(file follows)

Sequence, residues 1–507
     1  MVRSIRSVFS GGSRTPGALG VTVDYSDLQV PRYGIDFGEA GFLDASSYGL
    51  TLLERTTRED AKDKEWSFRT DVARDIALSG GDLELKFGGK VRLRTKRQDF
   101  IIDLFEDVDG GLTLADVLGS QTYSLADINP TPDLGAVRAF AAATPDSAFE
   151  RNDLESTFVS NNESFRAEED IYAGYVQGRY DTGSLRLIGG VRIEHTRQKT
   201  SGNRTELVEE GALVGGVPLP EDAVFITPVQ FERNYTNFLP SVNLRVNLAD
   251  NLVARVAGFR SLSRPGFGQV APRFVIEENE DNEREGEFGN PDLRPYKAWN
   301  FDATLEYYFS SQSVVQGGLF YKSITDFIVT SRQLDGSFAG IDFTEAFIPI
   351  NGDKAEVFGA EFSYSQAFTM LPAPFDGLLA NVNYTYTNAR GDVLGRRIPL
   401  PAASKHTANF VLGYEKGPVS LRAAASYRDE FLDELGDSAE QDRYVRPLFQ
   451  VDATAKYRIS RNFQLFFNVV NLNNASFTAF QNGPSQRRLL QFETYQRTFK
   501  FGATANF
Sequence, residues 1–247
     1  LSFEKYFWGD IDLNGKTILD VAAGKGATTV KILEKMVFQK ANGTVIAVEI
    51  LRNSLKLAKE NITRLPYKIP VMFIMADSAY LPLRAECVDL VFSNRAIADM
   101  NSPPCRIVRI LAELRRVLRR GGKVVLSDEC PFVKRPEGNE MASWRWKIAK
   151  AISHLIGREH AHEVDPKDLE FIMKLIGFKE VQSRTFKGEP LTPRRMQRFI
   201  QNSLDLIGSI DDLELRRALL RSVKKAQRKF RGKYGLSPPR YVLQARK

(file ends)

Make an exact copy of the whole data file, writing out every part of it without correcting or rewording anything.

Sequence, residues 1–507
     1  MVRSIRSVFS GGSRTPGALG VTVDYSDLQV PRYGIDFGEA GFLDASSYGL
    51  TLLERTTRED AKDKEWSFRT DVARDIALSG GDLELKFGGK VRLRTKRQDF
   101  IIDLFEDVDG GLTLADVLGS QTYSLADINP TPDLGAVRAF AAATPDSAFE
   151  RNDLESTFVS NNESFRAEED IYAGYVQGRY DTGSLRLIGG VRIEHTRQKT
   201  SGNRTELVEE GALVGGVPLP EDAVFITPVQ FERNYTNFLP SVNLRVNLAD
   251  NLVARVAGFR SLSRPGFGQV APRFVIEENE DNEREGEFGN PDLRPYKAWN
   301  FDATLEYYFS SQSVVQGGLF YKSITDFIVT SRQLDGSFAG IDFTEAFIPI
   351  NGDKAEVFGA EFSYSQAFTM LPAPFDGLLA NVNYTYTNAR GDVLGRRIPL
   401  PAASKHTANF VLGYEKGPVS LRAAASYRDE FLDELGDSAE QDRYVRPLFQ
   451  VDATAKYRIS RNFQLFFNVV NLNNASFTAF QNGPSQRRLL QFETYQRTFK
   501  FGATANF
Sequence, residues 1–247
     1  LSFEKYFWGD IDLNGKTILD VAAGKGATTV KILEKMVFQK ANGTVIAVEI
    51  LRNSLKLAKE NITRLPYKIP VMFIMADSAY LPLRAECVDL VFSNRAIADM
   101  NSPPCRIVRI LAELRRVLRR GGKVVLSDEC PFVKRPEGNE MASWRWKIAK
   151  AISHLIGREH AHEVDPKDLE FIMKLIGFKE VQSRTFKGEP LTPRRMQRFI
   201  QNSLDLIGSI DDLELRRALL RSVKKAQRKF RGKYGLSPPR YVLQARK